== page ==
Algonac High School - Algonquin Yearbook (Algonac, MI)

 - Class of 1925

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Algonac High School - Algonquin Yearbook (Algonac, MI) online yearbook collection, 1925 Edition, Cover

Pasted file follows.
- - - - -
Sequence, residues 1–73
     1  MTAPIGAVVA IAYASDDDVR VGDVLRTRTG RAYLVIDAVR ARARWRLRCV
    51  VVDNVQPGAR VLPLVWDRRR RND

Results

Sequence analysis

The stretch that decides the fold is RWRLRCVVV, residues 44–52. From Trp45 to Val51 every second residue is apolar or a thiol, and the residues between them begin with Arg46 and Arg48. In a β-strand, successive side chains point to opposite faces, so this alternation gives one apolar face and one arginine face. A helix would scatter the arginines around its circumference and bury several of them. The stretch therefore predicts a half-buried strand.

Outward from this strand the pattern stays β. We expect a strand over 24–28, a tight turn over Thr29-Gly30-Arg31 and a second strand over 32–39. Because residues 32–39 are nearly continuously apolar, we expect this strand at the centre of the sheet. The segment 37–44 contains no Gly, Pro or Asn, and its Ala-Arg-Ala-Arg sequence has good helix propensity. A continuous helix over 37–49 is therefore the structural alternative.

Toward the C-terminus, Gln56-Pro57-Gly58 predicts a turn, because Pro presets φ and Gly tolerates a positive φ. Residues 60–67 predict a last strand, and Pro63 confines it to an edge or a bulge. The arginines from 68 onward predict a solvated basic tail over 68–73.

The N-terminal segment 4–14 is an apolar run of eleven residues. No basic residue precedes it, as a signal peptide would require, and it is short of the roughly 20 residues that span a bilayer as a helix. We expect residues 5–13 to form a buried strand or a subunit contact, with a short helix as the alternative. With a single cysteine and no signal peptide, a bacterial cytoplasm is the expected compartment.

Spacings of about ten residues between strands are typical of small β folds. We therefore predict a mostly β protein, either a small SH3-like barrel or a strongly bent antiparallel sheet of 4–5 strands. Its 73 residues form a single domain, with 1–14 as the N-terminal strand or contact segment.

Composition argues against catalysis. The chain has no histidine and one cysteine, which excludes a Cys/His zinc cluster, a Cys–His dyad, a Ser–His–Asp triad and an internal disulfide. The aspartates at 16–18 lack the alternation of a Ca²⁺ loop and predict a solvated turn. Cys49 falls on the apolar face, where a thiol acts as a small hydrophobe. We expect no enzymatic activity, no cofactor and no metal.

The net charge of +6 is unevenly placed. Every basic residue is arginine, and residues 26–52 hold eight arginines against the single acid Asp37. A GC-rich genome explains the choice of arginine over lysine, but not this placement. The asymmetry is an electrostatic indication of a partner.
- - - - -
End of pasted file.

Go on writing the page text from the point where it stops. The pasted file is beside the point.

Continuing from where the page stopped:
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Text from Pages 1 - 104 of the 1925 volume: